In the run up to Valentine’s Day, with all this talk about love, we got thinking about beauty. Not just beautiful people, but beautiful brands. But what really is beauty, and what value does it hold in today’s heavily oversaturated visual culture?
Lets discuss aesthetics – a branch of philosophy that deals with art, beauty, and taste. First, we must understand subjectivism and the idea of each mind perceiving a different beauty. Not only that, but also that what makes a painting beautiful is altogether different to what makes music beautiful. The same can be said across all disciplines; after all, beauty lies in the eye of the beholder.
Everywhere you look there are billboards advertising products you don’t need, and posters telling you about events you won’t go to. More often than not, they haven’t been designed to be beautiful. They have been designed for a specific purpose; to serve a function. But at what point does the lack of aesthetic consideration become a hinderance to the effectiveness of a design? Should the search for beauty be primary to how it works? Or should it’s purpose dictate the way in which it looks?
These are all valid questions – and it all harps back to the age-old argument of form versus function (or as we like to call it, delivery and destination). Often when discussing ideas with clients we touch upon the importance of strategy and design. It is the synergy between the two that produces the best design – without one, the other is futile. Paul Rand, a true pioneer of ‘good design’, understood this. He believed that to suggest a dichotomy between form and function would be counter productive in the search for beauty.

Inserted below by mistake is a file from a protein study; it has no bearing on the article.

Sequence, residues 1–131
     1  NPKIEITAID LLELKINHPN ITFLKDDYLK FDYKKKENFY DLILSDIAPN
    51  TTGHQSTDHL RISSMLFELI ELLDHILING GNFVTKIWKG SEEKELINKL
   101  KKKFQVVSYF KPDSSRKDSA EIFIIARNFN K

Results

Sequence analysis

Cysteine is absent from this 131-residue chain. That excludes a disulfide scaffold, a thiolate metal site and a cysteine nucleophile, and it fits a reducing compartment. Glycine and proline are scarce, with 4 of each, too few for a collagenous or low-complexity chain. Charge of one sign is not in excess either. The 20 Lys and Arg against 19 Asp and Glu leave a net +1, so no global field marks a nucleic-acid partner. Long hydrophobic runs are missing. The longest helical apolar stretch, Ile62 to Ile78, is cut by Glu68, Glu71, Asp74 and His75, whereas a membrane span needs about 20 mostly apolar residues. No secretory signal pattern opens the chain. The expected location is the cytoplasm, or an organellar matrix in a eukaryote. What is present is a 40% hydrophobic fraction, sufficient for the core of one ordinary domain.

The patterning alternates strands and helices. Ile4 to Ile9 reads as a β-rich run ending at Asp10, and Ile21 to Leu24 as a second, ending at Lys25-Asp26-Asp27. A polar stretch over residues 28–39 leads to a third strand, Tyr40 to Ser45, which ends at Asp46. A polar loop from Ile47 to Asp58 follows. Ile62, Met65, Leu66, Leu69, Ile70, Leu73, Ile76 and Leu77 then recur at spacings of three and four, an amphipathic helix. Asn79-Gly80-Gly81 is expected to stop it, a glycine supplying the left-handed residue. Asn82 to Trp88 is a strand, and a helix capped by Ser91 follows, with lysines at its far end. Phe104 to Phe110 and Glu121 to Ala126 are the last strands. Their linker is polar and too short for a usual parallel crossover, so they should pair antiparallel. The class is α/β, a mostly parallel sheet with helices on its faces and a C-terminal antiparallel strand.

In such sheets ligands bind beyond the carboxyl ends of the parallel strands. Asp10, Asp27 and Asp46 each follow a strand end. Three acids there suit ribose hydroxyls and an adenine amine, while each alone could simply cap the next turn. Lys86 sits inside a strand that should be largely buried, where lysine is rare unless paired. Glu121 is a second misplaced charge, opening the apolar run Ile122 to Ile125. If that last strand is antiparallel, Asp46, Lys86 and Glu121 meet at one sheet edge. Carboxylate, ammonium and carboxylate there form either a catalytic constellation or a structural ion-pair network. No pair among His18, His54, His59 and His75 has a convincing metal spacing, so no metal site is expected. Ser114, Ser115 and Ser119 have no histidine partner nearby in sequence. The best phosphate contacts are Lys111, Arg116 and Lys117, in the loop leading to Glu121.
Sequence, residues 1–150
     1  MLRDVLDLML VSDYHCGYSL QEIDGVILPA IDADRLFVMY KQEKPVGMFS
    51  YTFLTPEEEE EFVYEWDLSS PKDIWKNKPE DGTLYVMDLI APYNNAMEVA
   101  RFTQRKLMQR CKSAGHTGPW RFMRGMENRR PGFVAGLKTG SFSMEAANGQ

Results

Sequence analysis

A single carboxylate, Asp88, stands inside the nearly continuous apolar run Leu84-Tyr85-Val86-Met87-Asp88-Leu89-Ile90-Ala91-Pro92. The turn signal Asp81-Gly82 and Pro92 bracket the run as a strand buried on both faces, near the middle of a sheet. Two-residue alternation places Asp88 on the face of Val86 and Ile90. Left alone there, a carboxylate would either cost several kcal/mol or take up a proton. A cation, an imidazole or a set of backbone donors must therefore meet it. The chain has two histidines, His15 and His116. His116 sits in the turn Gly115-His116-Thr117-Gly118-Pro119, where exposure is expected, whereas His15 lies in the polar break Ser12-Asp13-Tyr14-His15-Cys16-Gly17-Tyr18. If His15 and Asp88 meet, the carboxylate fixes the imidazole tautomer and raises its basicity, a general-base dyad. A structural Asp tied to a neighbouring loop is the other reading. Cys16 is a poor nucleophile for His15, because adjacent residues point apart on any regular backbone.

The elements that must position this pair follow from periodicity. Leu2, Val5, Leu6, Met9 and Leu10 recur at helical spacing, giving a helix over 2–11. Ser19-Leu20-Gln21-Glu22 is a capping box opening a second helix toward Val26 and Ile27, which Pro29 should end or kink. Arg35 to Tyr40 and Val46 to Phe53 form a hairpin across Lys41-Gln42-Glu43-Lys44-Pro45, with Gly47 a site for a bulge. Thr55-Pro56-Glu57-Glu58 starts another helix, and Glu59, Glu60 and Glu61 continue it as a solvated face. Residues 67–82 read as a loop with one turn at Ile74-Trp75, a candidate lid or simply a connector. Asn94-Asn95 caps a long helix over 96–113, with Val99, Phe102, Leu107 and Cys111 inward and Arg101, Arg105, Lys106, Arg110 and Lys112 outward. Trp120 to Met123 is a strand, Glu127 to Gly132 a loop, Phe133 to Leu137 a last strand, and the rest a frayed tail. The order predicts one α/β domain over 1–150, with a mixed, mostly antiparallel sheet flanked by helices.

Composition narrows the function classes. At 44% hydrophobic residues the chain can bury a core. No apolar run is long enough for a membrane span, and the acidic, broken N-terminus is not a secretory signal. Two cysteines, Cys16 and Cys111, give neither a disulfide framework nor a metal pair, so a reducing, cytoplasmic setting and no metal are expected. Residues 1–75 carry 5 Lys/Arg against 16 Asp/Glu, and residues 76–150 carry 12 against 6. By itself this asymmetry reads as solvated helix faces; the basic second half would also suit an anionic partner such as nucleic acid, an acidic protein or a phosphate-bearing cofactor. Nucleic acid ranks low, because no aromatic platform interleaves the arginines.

Lets use an example…
A perfect example of design that went out of its way to prioritise form over function is Philippe Starck’s Juicy Salif (pictured above). Although now considered a piece of modern art, having cemented its place in the Museum of Modern Art in New York, it originally caused a lot of controversy. It defied one of the most basic rules of design; if an object has to perform a certain function, then its form must aid that function. It was meant to juice lemons – which, by the way, it’s not very good at. So much so that on the 20th anniversary of its release, Alessi produced 10,000 gold-plated versions. These were never intended for use (as the citric acid in the lemon caused the juicer to become discoloured). But as Philippe Starck is rumoured to have once said: ‘It’s not meant to squeeze lemons, it is meant to start conversations’.
So if you’re looking for beautiful and – more importantly – effective design, it is without a scintilla of doubt the precarious balance of form and function, beauty and behaviour, delivery and destination, that you are searching for. Which is something that we just happen to be experts at. Drop us an email at firstname.lastname@example.org and see how we can help aid you in your search.
And remember, when life gives you lemons… don’t use the Juicy Salif Gold Limited Edition.
Interesting Example | Design is Nothing if it’s not Smart…